The clock ticks on the fate of the “Secret Garden” house, whose owner was granted a 5-lot resurvey but won’t move on redevelopment until the lease is up in January for former owners, now tenants.
All five cases tonight involved lot divisions as developers try to squeeze the most profit from rising property values. Despite overwhelming opposition from residents and 100 spectators who remained for most of the 3-hour meeting, the commission issued approval on three residential subdivisions, even as one commissioner apologized for doing so in advance. Mr. Thames, the council member, voted with Mr. Foster against one cases and dissented alone in two others. It was Mr. Thames who also delayed a final case on Highland Road by questioning lot measurements, a question that will be decided in a special meeting in two weeks. New rules seemed to be in play, with commissioners having to give reasons for any negative vote and refusing to issue decisions contingent on future approval by the BZA. Variances must be decided first, they said.
Members present: Billy Higginbotham, chair, Jeffrey Foster, vice chair, John Krontiras, Britt Thames, James Riddle, and Brady Wilson.
Absent: Mark Woods and Battalion Chief Nickolas Hill.
Staff present: Donna Bridges, board clerk, Fred Goodwin, planner, part-time, Greg Cobb and Scott Cook, Building, Engineering and Zoning staff.
Audience attendance: >100
*Rezoning and MXD development plans are advisory only and subject to final approval by the city council.
Mr. Kessler’s presentation compared the PRD-1 zoning he prefers with a plan using traditional zoning.
Voted to approve a preliminary plan for a high-density subdivision hotly contested by residents within a neighborhood preservation district to build it: “In the spirit of NPD,” two commissioners tonight coaxed developer Jason Kessler into accepting a few more Neighborhood Preservation District regulations in his 12-unit planned development at 800-808 Saulter Road and 809 Carr Avenue. Under those proffers, side setbacks will follow NPD rules (10 feet for lots 55 feet and over, 5 and 9 feet for smaller lots), with heights not to exceed 35 and 29 feet respectively, and — after the developer squinted at drawings with the engineer — having no lots narrower than NPD’s 50-foot minimum. The developer had already agreed not to gate the private drive or allow accessory structures, and to plant the development with large trees. With those concessions made, the panel voted unanimously to approve the preliminary plan, implicitly approving the necessary rezoning from NPD to Planned Residential District (PRD)-1. The rezoning question will go before the city council along with the final, detailed development plan containing the changes.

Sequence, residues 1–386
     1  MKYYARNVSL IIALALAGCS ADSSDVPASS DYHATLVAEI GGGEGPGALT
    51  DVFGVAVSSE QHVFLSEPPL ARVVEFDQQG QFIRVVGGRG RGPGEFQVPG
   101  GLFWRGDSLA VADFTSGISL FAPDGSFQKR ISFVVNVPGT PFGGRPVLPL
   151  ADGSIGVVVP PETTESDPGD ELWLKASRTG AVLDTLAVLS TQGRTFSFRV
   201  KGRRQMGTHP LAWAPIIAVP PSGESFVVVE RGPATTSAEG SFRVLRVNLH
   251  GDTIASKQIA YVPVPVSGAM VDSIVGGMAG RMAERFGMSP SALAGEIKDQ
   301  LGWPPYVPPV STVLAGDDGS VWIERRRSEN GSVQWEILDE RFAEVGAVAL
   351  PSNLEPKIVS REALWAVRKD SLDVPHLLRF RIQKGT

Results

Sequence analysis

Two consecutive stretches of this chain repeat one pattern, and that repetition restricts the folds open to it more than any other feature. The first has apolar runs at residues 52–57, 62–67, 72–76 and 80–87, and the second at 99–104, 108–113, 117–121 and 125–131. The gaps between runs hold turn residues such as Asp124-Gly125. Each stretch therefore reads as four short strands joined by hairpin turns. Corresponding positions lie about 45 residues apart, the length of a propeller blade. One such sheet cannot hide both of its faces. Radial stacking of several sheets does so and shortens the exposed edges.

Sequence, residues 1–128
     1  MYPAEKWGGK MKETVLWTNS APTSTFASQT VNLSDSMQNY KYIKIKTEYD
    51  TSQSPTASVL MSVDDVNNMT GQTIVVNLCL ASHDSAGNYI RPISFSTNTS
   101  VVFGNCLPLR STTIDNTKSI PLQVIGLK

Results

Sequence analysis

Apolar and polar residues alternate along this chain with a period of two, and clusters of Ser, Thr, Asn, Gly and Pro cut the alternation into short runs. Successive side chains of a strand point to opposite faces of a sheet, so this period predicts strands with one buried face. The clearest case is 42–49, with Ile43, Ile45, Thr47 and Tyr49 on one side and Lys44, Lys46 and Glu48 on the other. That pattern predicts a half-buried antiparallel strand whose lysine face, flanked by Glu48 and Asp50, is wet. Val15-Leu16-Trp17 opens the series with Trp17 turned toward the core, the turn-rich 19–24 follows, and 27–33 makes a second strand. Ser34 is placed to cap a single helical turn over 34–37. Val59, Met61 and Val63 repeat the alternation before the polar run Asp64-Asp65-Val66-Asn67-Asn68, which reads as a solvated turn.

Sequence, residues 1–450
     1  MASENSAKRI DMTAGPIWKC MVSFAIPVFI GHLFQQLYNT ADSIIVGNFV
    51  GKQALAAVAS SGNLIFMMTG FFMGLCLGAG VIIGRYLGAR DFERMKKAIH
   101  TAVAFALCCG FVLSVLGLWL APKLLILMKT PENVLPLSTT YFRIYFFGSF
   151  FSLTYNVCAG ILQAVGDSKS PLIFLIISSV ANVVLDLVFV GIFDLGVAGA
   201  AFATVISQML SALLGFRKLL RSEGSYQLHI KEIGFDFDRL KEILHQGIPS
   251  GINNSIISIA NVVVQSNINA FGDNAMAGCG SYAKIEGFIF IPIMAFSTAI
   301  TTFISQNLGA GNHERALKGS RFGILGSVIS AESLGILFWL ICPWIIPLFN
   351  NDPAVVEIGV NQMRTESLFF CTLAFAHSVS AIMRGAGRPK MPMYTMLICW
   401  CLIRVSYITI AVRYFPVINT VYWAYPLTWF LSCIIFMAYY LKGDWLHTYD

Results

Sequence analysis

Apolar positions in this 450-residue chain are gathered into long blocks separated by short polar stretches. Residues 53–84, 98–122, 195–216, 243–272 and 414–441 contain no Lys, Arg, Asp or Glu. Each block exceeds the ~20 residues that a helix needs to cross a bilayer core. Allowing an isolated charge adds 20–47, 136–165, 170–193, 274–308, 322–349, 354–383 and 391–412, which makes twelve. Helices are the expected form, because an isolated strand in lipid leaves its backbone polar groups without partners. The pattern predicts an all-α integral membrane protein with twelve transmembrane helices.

Chairman Billy Higginbotham, braced for a long night with more than 100 spectators and four cases involving unpopular residential lot divisions and demolitions–had opened the public hearing by giving speakers a 2-minute time limit and warning against anyone “rambling on” with duplicate concerns. (Some 60 letters of protest were sent in; the city rejected a petition of 225 signatures as being unverifiable.) Mr. Higginbotham at one point threatened to shut down the hearing if residents continued to applaud each speaker at the podium.
In all there were 13 speakers opposing the project and two in favor, including a real estate agent and resident who owns of a lot in the development. Among the concerns were the aesthetics, density, drainage, comparative percent of impervious surfaces allowed in each zoning classification (there is no maximum), traffic, and intrusion on the NPD “feel” of surrounding neighborhood. The Planned Residential classification treats the development area as a single lot, with fewer restrictions on how structures are placed inside it. The format allows 12 houses, where an alternate NPD plan would allow only 8, according to Mr. Kessler’s drawing. Interestingly, Mr. Kessler, aided by Mr. Higginbotham, speculated that an NPD development would attract buyers interested in building even larger houses — as much as 4,500 sf compared to 2,600 sf in PRD–and who were likely to build 2-story garage apartments for their relatives in their backyards. An NPD development, they argued, could be even more dense than PRD.
Nevertheless, an NPD plan was not under consideration. After the proffers were made, a vote was taken allowing developers to move toward a final development plan.
Layout and parking for an extended-stay hotel proposed on the former Mt. Brook Inn site.
Approved on two 5-2 split votes a lot division and a preliminary development plan for a hotel on U.S. 31: Hotel developer Rocky Patel, owner of the new Homewood Suites at 5-Points South and other properties, made a case for a 6-story, 124-room extended stay hotel at the former Mt. Brook Inn site at 2800 US 280. The owner is MX 2800 LLC/David Arrington, Arrington Engineering.
The site was purchased shortly before the recession, in 2006, with no redevelopment attempted until 2014, when owners proposed an ambitious plan to build a hotel, office building and parking deck that never materialized. Last summer owners divided the 5-acre parcel with plans for a restaurant on the smaller site. That case was given final approval in November. With the restaurant set to open in August, they were back again tonight, this time with plans for an $18 million, 6-story, 124-room extended-stay hotel under the Marriott “Residence Inn” banner.
Owner Dan Lovell introduced Mr. Patel, of AUM Enterprises, who proposed a Marriott “flag,” said he expected a 75% occupancy, bringing the city $600,000 a year in lodging a sales taxes. There were no speakers, but the prospect of a hotel drew a surprising number of questions from Mr. Foster, who was concerned about the market, with “38 hotels in a 3-5 mile radius” of the subject property. He cited a glut of aging interstate motels in West Homewood and concerns about the new project competing with other Homewood hotels.